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Five thoughts on living in a COVID world

1. I don't much like writing about what everyone else is writing about, but this is an unprecedented time in my life and our history.

2. About a month ago I got sick. Not terribly sick. But I've had a cough that won't go away, and the last few days I've gotten worse. Since I'm never sick this long, I wonder, Do I have it?

I doubt it, but I'd like to be certain one way or the other. I can't be, though, because I can't get tested. I wonder how many other other people are wondering, Is this a "normal," cough, cold and/or flu, or do I have the Coronavirus?

3. Just about everyone has their opinion on politics. Do we need more or less regulation? How should we be taxed? Where should tax money be spent? What laws should be enacted, amended or abolished?

Those kinds of things are open to debate, and I can understand (if not agree with) most people's differing takes on each. But what I will never get behind are the people who see no need for government. In a utopian world, where all people are altruistic, libertarianism might work.

But all people aren't altruistic. In times of crisis both the best and worst of human nature is revealed.  Ayn Rand wrote, "Great men can't be ruled." I wrote, "We don't have enough great men." Or women. So we need rules. We need order. We need government.

Not crappy government. Good government. Government at its best. But not no government. The need for good government is lost during good times. But obvious during times like now.

California's Capitol Building, Sacramento

People who say they are "against" government piss me off. That's like saying you're against food. Food is not all the same. There's great tasting food and horrid tasting food. There's super healthy food and practically poisonous food. You can be against nasty food but not food. We need food.

All food is not created equal

Same with government. You can be against bad, ineffective government, but not government. Government at its best protects us and sets an example for how to live and treat each other. Government at its worst does not.

If you don't like something about the government, work to change it. Not eliminate it. We need government and we need it to restore order during this chaos.

Note: Although anyone can have an opinion about government (or anything else) some opinions should matter more than others. Why should mine matter?

Because most of my adult life was spent working in three levels of government: federal (U.S. Air Force), state (California School for the Blind) and a local school district (Fremont Unified). And I studied and taught government for 12 years during which I had hundreds of elected officials and civil servants walk into my classroom and teach my students (and me) about what they do and why they are necessary. People are the government!

I've seen and experienced government at its best and worst, but I've never questioned its right to exist.

4.  Ditto for the media. More than ever before, there are biased, unprofessional, untrained media outlets and individuals slanting, misinterpreting and misreporting the world. But there are also heroic, seasoned, trained media professionals doing their best to provide us with vital information and offering educated takes on what's going on outside of our own limited experience.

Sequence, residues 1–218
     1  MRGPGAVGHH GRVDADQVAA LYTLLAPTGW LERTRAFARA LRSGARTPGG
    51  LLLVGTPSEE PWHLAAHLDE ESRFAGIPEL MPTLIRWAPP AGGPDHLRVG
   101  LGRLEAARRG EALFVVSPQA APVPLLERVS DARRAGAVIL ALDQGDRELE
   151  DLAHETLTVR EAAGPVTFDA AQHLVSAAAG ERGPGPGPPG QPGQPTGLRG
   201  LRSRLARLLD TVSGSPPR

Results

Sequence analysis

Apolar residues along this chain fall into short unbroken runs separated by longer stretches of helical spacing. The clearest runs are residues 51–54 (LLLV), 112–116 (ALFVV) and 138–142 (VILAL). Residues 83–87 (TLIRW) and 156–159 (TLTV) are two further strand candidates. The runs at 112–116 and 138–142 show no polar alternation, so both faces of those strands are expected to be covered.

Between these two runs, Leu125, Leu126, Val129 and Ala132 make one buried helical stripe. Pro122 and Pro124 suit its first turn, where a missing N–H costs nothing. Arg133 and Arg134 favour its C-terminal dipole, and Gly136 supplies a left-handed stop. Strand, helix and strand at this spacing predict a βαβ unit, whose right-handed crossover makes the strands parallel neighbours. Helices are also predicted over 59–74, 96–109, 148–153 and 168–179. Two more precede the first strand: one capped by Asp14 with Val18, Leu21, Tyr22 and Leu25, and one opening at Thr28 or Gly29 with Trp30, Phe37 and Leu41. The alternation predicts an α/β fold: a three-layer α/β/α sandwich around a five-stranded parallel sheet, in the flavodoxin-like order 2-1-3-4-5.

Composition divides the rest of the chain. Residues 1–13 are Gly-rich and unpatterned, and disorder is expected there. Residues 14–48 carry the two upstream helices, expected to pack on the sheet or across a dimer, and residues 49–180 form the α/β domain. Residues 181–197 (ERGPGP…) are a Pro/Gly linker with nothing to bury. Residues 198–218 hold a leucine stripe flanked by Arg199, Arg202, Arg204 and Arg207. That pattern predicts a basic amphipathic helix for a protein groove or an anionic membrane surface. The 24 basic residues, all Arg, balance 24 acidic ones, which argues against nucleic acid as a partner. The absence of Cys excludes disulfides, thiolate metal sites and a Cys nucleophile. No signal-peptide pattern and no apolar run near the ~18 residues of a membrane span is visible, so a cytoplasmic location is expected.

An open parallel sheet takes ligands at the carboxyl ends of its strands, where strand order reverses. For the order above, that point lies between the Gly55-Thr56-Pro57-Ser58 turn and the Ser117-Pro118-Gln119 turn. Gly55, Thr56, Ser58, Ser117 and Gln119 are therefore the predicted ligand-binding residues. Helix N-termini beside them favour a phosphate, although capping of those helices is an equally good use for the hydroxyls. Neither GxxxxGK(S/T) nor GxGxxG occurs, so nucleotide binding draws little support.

People who complain against "the media" like everyone who's in it is the same are morons. That's like people complaining against "people" like we're all the same. Or food, like it's all the same. We're not. It's not.

Jeopardy answer: These three things come in various levels of quality and effectiveness, but all are vital to our survival.

Jeopardy question: What are the government, the media and food?

5. A hopeful and perspective-expanding note from my favorite website blogger, Maria Popova:

At least a year ahead of Coronavirus, on page 425 of her 2019-published book, Figuring, she wrote

The beauty of the natural world, the ancient kinship with our fellow beings (not just humans), and the reassurance of cosmic timescales that dwarf any momentary crisis, may have been what a terrified nation needed, but (Rachel Carson's book) Under the Sea-Wind was filtered out of the nation's attention.

Maria's point: Carson's book about how everyone and everything is connected was tragically and ironically overlooked and disregarded because just after it was released the Japanese bombed Pearl Harbor. Instead of recognizing, cultivating and amplifying our interdependence, we killed at least 70 million humans (and who knows how many non-humans) during World War II.

My takeaway: "cosmic timescales" do in fact "dwarf any momentary crisis," and this one, too, will be dwarfed. It's only a matter of time, be it years, decades, centuries or millenniums before COVID-19 shrivels into barely a blip in the history of the universe.

In the meantime, what does our  "terrified nation" (and world) need during these lockdown times? 

Let's embrace "the beauty of the natural world." (Get outside and enjoy nature.) Love and appreciate "the ancient kinship with our fellow beings." (Pet your pet and talk to people you love, even if it has to be on Skype, FaceTime or Zoom.)

Me and Kihei enjoying the beauty of the natural world

(and our ancient kinship)

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